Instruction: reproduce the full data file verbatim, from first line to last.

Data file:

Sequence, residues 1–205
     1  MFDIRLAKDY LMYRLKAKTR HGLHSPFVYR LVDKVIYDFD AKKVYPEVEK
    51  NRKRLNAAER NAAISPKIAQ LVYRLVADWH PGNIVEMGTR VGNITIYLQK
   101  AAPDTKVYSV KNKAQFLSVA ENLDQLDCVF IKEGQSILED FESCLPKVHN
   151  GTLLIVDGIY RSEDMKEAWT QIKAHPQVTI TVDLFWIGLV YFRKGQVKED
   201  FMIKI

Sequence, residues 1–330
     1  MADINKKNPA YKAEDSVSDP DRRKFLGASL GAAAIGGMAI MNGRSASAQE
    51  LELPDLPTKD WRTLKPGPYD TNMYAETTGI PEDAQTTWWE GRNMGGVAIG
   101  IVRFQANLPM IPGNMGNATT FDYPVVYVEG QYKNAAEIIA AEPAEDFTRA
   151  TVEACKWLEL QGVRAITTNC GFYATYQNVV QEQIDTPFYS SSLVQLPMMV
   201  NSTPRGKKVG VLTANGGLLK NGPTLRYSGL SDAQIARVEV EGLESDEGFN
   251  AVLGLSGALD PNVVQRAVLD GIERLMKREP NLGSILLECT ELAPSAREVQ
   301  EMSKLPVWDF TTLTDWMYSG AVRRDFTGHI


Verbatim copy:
Sequence, residues 1–205
     1  MFDIRLAKDY LMYRLKAKTR HGLHSPFVYR LVDKVIYDFD AKKVYPEVEK
    51  NRKRLNAAER NAAISPKIAQ LVYRLVADWH PGNIVEMGTR VGNITIYLQK
   101  AAPDTKVYSV KNKAQFLSVA ENLDQLDCVF IKEGQSILED FESCLPKVHN
   151  GTLLIVDGIY RSEDMKEAWT QIKAHPQVTI TVDLFWIGLV YFRKGQVKED
   201  FMIKI

Sequence, residues 1–330
     1  MADINKKNPA YKAEDSVSDP DRRKFLGASL GAAAIGGMAI MNGRSASAQE
    51  LELPDLPTKD WRTLKPGPYD TNMYAETTGI PEDAQTTWWE GRNMGGVAIG
   101  IVRFQANLPM IPGNMGNATT FDYPVVYVEG QYKNAAEIIA AEPAEDFTRA
   151  TVEACKWLEL QGVRAITTNC GFYATYQNVV QEQIDTPFYS SSLVQLPMMV
   201  NSTPRGKKVG VLTANGGLLK NGPTLRYSGL SDAQIARVEV EGLESDEGFN
   251  AVLGLSGALD PNVVQRAVLD GIERLMKREP NLGSILLECT ELAPSAREVQ
   301  EMSKLPVWDF TTLTDWMYSG AVRRDFTGHI